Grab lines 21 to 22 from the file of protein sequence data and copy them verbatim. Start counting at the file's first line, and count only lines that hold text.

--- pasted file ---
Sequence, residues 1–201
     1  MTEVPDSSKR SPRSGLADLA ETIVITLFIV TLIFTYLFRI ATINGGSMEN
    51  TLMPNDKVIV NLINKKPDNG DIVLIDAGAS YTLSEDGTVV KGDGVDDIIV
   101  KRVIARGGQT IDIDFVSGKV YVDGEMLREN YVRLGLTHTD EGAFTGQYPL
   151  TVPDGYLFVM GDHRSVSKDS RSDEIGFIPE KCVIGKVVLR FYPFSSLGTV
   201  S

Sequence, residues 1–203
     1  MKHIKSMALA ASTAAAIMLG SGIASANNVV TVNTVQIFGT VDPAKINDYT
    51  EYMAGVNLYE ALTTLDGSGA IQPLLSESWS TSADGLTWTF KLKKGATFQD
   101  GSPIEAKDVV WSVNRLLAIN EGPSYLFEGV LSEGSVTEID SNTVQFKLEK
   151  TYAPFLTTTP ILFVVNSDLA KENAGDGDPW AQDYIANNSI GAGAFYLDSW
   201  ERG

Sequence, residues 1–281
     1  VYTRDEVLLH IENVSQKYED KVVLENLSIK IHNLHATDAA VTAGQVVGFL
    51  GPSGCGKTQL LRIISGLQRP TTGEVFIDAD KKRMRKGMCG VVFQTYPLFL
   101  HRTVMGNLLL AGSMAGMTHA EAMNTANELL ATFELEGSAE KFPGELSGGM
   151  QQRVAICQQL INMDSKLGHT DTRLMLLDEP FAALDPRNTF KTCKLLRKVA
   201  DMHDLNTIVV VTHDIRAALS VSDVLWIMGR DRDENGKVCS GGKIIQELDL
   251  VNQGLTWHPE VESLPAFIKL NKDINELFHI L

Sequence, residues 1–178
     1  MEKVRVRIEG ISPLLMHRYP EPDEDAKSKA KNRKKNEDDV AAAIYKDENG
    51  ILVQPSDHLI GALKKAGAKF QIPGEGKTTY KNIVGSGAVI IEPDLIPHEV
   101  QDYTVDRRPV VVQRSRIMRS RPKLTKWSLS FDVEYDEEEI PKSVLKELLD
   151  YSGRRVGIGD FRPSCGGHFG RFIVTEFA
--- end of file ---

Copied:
     1  MEKVRVRIEG ISPLLMHRYP EPDEDAKSKA KNRKKNEDDV AAAIYKDENG
    51  ILVQPSDHLI GALKKAGAKF QIPGEGKTTY KNIVGSGAVI IEPDLIPHEV